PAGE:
Importantly – unlike, the chirping, chittering quick-fire nature of the media, cli-fi with its in depth exploration, elaborate construction and intricate narratives provides us with a ‘quiet spot’ to broaden our environmental understanding and explore imagined yet potential futures. It was Sylvia Plath who once said: ‘it is in the novel that people brush their teeth’- it is this intricacy and hint of the mundane and everyday in fiction that makes climate change seem less clinical and more personal. Thus, climate fiction has the unique ability to take a global problem and weave it into the tiny grandeur of our everyday individual lives.

So – with the power of cli-fi novels and movies in mind we want to encourage people to read novels with climate change themes – many such novels are now being branded as part of the growing genre – cli-fi – which explores the possible environmental nightmares to come – using thrilling plotlines and a plethora of unique protagonists – these works imagine what a world wrecked by the consequences of global warming, rising sea levels and pollution would look like.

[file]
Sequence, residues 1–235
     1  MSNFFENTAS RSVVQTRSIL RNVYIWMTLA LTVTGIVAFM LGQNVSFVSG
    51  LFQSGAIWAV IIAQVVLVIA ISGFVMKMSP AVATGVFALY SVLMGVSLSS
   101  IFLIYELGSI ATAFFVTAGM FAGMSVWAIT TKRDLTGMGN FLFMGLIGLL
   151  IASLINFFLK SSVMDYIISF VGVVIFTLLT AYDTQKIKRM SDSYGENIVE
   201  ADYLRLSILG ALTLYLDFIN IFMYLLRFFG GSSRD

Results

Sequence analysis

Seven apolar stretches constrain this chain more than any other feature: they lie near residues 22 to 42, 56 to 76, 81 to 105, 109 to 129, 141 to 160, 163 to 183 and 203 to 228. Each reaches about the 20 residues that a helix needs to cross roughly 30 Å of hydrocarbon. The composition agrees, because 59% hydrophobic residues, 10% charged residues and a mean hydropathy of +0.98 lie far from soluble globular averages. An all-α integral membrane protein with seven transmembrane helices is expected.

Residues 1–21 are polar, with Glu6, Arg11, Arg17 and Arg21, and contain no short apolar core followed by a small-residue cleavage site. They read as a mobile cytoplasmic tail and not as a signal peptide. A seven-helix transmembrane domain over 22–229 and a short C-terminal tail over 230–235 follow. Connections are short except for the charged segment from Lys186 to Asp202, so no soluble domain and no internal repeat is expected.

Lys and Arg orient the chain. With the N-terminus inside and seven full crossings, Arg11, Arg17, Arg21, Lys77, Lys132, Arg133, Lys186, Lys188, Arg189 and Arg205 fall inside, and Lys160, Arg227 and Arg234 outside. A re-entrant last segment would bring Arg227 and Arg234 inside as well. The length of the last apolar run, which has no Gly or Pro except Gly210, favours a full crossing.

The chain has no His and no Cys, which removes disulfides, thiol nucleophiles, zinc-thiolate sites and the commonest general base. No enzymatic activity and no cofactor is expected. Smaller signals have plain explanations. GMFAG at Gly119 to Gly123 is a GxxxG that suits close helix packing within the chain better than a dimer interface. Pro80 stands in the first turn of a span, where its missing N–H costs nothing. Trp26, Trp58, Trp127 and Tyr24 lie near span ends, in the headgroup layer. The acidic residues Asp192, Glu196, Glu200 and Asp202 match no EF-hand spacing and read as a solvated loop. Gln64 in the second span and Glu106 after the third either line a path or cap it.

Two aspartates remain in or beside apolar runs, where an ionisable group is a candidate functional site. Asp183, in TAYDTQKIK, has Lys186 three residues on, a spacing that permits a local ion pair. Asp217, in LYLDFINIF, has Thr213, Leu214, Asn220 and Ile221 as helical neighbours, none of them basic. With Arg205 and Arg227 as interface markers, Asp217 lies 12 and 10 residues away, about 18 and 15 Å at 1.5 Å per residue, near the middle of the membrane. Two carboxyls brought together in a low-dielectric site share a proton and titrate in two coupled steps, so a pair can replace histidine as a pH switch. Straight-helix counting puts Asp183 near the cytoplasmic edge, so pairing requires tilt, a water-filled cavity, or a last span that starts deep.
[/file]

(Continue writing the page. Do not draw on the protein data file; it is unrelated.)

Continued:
Climate novels can never be the solution in themselves – however their unique combination of science, humanities and activism – has the capacity to inspire and engender action. So – if you want to know what it would be like to brush your teeth in a world wrecked by climate change – go out and grab some cli-fi.

Snooks Books Suggestions:
  • Flight Behaviour by Barbara Kingsolver.
  • The Year of the Flood by Margaret Atwood
  • Through the Arc of the Rainforest – Karen Tei Yamashita.
  • Freedom by Jonathon Franzen
  • The Wind Up Girl & The Water Knife by Paolo Bacigulupi.
  • The Drowned World by JG Ballard
  • 10.04 by Ben Lerner
  • Salvage the Bones – Jesmyn Ward
  • Odds Against Tomorrow by Nathaniel Rich
  • White Noise by Don DeLillo
Graphic Novels:
  • Here by Richard McGuire
For Young Adults:
  • The Carbon Diaries by Saci Lloyd
  • The Drowned Cities by Paolo Bacigalupi
  • Breathe by Sarah Crossan
For Children:
  • The Lorax by Dr Seuss

Tuesday, September 26, 2017

How the NYT covers cli-fi: a blog post to set the record straight